By Korie Marshall

I heard on CBC radio the other day about some of the debate around giving pets and other animals rights, and whether or not those rights should be the same as humans’. I know my pets are my family, although I am very conscious of the fact they are not the same as kids, no matter how much we sometimes think they are.

I don’t think pets should get exactly the same rights as humans, but to be treated respectfully is one right I think all animals deserve.

A horrible thing happened to a family’s pet this past week in Valemount. I know it is not the first – I’ve heard a lot of disturbing stories of pets being shot or poisoned before, but the fact that it happened in the family’s own yard – I don’t know if that makes it more real, or more shocking. It certainly has to be scary for the family, especially for the children. I can’t imagine feeling safe in my own yard after something like that had happened, and that loss of feeling safe could extend to every home in the valley.

When things like this happen, we humans try to search for a reason. We want to know who did it, and why – did they have some excuse? Was it a mistake or an accident? Could it really be that someone did this horrible thing intentionally? If so, what exactly does that say about that person, walking around among us?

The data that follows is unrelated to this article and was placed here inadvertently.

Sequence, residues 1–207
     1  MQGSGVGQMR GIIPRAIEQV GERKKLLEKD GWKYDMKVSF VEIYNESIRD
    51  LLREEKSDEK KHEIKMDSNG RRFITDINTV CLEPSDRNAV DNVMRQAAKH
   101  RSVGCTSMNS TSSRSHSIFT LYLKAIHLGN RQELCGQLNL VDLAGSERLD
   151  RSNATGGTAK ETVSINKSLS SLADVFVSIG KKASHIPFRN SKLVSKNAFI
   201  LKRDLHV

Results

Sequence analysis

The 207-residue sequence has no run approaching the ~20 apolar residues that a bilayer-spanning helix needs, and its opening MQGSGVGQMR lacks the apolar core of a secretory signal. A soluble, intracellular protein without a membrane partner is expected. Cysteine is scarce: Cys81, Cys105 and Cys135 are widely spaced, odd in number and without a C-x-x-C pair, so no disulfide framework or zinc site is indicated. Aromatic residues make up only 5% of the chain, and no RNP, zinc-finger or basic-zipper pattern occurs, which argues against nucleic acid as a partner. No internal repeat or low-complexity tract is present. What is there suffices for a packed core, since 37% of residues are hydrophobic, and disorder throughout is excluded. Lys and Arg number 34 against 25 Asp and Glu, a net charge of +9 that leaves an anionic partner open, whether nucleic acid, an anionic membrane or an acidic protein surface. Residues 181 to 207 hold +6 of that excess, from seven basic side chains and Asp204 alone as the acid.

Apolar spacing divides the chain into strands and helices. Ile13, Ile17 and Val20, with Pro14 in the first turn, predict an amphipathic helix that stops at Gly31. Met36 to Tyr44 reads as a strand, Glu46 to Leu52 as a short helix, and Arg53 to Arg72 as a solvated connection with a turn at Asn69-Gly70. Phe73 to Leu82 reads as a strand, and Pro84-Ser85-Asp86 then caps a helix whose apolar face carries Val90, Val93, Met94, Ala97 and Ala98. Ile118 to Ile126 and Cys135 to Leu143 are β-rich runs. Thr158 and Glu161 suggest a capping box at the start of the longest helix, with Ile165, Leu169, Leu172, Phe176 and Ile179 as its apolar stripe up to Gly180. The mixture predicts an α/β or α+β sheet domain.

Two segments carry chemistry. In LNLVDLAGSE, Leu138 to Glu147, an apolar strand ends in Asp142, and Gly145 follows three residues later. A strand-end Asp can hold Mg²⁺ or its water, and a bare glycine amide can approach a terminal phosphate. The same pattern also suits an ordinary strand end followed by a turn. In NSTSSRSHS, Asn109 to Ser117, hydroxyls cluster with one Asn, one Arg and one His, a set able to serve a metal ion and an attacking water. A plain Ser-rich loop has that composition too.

I have always believed the way a person treats animals is a good indicator of how that person will treat people. Someone who has no respect or compassion for an animal’s physical or emotional pain probably has no respect for other people either. I’m not saying it’s not ok to kill animals; there are plenty of good reasons to do so – for food, for protection of yourself or your own animals, maybe even if it is injured and dying. But to injure or kill an animal for no good reason – I just can’t understand that. I often try to imagine what people are thinking when they do something, figure out what circumstances might have lead to a given decision or action, because I generally think humans are similar enough that we should be able to “walk in each other’s shoes.” But for some situations, there is no shoe that fits.

Did someone think the dog did something so wrong as to deserve this punishment, and did this person think it was up to them to mete out that punishment, without addressing the issue with the family or some authority like the police? Was it some random violent act, done with no thought or regard for the consequences? Was it some horrible mistake or accident that the perpetrator cannot admit to and apologize for?

I honestly don’t know which is worse.